Now that it's respectable to like the Russians, you'd think that we could settle into a nice peace and goodwill season. Instead, there's another hate movement going on, right at the time of year when all should be sweetness and light.

Call it Fruitcake Phobia.

The perpetrators are not at all secret about their dislike, nor apologetic about hurting feelings, and they are indifferent to the cries of "prejudice." Indeed, they loudly proclaim near innocent dessert tables that they "hate fruitcake."

Now you never hear anyone talking that way about chocolate cake, a really sickening gooey mess that leaves your dress marked with incriminating fingerprints. And consider the cholesterol difference between chocolate cake and fruitcake -- chocolate rots willpower.

It may well be that it's all Raisa Gorbachev's fault. Did she refuse to go to tea instead of coffee at Nancy Reagan's solely for fear of fruitcake? The White House admits that pastry chef Roland Mesnier made 250 3-pound fruitcakes, imbued with a case each of scotch, brandy, sherry and rum.

Possibly a communist plot to undermine America, but not a necessary one. Unfortunately, fruitcake frenzy is already rampant.

TheLibrary of Congress' new cookbook, "The True Essentials of a Feast," though filled with glorious illustrations from the library's collections, has not a single illustration of a fruitcake. Its recipes from the LC Cooking Club at least do include a delicious walnut fruitcake -- but the cook didn't dare to sign it.

Mary Lethbridge, who retired a few years back as Library of Congress information officer extraordinaire, has one of the world's great kitchens, designed by her husband, architect F. Donald Lethbridge, but she learned some time ago that none of their three daughters or their son wanted her to bake fruitcake in it.

"But you never know. We went to the Octagon the other night, and our son Chris, to my astonishment, ate two individual mincemeat pies," she says.

Lethbridge, an otherwise splendid woman, says, "When people give me a fruitcake as a gift, I put it aside for a food basket."

Rosemary Reed, owner of Toast & Strawberries, a fashion and fancies shop, admits she's fond of fruitcake, though "most of my friends keep saying they're going to make fruitcake and never get around to doing it."

Ruth Kainen even admits that she keeps a fruitcake (a gift from last Christmas) available at all times, frozen. "The great advantage of fruitcake is that it keeps forever," she says. Her annual surprise birthday parties for her husband, painter Joseph Kainen, are famous for food, some from her book, "America's Christmas Heritage." But she says the best dark fruitcakes aren't hers, but ones that come from Collin Street Bakery, located somewhere in Texas but available in all sorts of places. ("The first I time I tasted it was in Madrid," she says.)

Genevra Higginson, events director at the National Gallery of Art, is the wife of a diplomat, so it's hard to extract from her a straight-out statement against anything. But fruitcake was not served at a tea she put on recently in the West Building. She claimed that plum pudding (steamed, of course) was more appropriate to open the "English Drawings and Watercolors" exhibit, but reliable rumor has it that she actually prefers plum pudding. (Foreign service families often go native. And they acquire strange tastes from ordering from Fortnum and Mason in London. Higginson, however, denies un-American leanings, claiming she grew up in Cambridge, Mass., and still receives toothsome gifts from friends there, who have plum-pudding-making parties.)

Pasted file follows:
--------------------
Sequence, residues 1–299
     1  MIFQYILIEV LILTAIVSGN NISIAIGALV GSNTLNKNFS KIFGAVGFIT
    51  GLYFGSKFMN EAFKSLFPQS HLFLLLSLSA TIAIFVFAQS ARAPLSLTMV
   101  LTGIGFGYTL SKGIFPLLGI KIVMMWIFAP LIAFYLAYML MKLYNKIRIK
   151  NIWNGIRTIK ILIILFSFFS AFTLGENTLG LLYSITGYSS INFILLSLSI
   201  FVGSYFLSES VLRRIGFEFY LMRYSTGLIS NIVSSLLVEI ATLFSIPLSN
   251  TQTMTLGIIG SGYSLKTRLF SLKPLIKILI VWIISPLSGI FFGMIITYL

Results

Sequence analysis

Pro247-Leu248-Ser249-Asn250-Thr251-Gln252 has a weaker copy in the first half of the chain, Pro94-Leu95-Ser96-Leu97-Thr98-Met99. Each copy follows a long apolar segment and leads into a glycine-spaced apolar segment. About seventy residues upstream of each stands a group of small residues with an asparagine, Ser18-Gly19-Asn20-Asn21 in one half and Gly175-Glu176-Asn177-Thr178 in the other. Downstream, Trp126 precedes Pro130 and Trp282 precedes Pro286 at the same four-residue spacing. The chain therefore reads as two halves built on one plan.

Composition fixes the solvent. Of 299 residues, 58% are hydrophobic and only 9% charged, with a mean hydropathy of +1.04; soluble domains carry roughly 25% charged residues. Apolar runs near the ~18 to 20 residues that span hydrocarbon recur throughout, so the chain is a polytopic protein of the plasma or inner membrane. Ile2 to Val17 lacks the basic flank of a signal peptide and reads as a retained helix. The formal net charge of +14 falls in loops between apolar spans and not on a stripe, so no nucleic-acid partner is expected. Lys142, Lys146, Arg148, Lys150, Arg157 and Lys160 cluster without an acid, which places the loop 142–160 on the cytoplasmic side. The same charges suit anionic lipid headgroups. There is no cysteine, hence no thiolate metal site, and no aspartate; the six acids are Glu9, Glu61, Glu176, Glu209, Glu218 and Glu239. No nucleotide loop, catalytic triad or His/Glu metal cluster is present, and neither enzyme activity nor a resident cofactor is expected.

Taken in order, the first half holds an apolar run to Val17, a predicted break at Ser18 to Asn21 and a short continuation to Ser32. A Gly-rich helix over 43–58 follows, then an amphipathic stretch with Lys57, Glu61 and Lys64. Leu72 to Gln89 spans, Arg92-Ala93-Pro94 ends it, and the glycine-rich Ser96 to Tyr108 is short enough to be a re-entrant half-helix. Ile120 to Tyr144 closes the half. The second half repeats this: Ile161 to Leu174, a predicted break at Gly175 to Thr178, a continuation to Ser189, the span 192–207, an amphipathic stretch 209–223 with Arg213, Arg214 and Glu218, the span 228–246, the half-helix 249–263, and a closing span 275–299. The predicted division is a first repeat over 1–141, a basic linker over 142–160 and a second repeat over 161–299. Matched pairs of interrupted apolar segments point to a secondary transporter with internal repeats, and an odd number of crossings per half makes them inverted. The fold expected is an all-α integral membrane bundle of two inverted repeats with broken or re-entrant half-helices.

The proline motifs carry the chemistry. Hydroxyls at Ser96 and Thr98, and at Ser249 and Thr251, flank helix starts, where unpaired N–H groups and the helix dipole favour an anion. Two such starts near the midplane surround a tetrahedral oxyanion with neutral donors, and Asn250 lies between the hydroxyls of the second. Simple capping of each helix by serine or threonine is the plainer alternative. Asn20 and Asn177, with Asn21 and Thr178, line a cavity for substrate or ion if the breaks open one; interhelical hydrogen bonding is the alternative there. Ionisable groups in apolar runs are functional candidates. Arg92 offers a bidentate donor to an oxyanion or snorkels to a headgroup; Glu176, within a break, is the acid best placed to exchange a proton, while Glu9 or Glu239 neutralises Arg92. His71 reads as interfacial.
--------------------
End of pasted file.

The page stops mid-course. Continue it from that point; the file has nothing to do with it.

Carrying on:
For years I thought that only grandmothers baked fruitcakes. Mine used to take to her bed for a week before she went to the kitchen to start her cakes. No one had anything else to eat that week because she had all the tables covered. She made hers a year ahead, as all proper cooks did then. The pecans came from the trees in her yard. I ruined the skin on my fingers picking out the nuts.

She soaked the cakes in scuppernong wine. (She raised grapes for the sole purpose of having the wine to pour over the fruitcake. Valdosta, Ga., as I recall, was a dry county until the Air Force base came during World War II.) When the birds ate all the grapes, as they were wont to do, she'd ask one of her menfolk relatives to buy a bottle of bourbon, something that as a Methodist and a lady she was not prepared to do. She'd wrap the cakes in bits and pieces of old sheets, tuck them in round candy tins and put them away in the safe -- a cupboard with chicken wire doors for all food that didn't go into the icebox. Every month or so, she'd add more spirits.

Now that I think about it, my own mother was a member of that heinous society bent on eradicating the fruitcake from its natural environment of the United States Christmas party table. Perhaps because her mother was such a good cook, my mother scorned such women's work as not for the modern 1930s woman. She and her flapper friends opened cans and made Jell-O.

Mother never ate fruitcake, saying, if pressed, that "it's too rich" -- that being the sort of thing said by people as thin as she was. She preferred things that were "dainty" -- a corner of someone's slice of white fruitcake, a confection made only by and for Southern women.

When he received his annual Christmas present from my grandmother, my father, like the Southern man he was, politely said he was very fond of dark fruitcake. Perhaps he was -- being a preacher's son and a Sunday school teacher's husband, and fruitcake being the only kind of bourbon allowed.